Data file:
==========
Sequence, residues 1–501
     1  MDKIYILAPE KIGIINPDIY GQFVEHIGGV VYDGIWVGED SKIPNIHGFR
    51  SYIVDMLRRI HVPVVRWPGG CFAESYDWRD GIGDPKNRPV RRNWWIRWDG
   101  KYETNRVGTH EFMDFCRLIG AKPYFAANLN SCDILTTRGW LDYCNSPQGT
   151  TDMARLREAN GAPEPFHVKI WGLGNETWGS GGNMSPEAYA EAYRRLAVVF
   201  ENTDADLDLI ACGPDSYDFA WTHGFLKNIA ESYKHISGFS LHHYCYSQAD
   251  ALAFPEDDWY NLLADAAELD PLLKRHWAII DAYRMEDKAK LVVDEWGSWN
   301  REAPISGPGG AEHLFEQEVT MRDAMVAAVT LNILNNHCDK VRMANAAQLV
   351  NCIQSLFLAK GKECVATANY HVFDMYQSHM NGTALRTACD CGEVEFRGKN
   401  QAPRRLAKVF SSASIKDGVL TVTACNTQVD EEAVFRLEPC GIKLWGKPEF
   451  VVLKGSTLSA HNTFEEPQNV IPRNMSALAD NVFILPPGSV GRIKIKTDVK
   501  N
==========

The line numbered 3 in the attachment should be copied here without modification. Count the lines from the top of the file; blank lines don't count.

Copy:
    51  SYIVDMLRRI HVPVVRWPGG CFAESYDWRD GIGDPKNRPV RRNWWIRWDG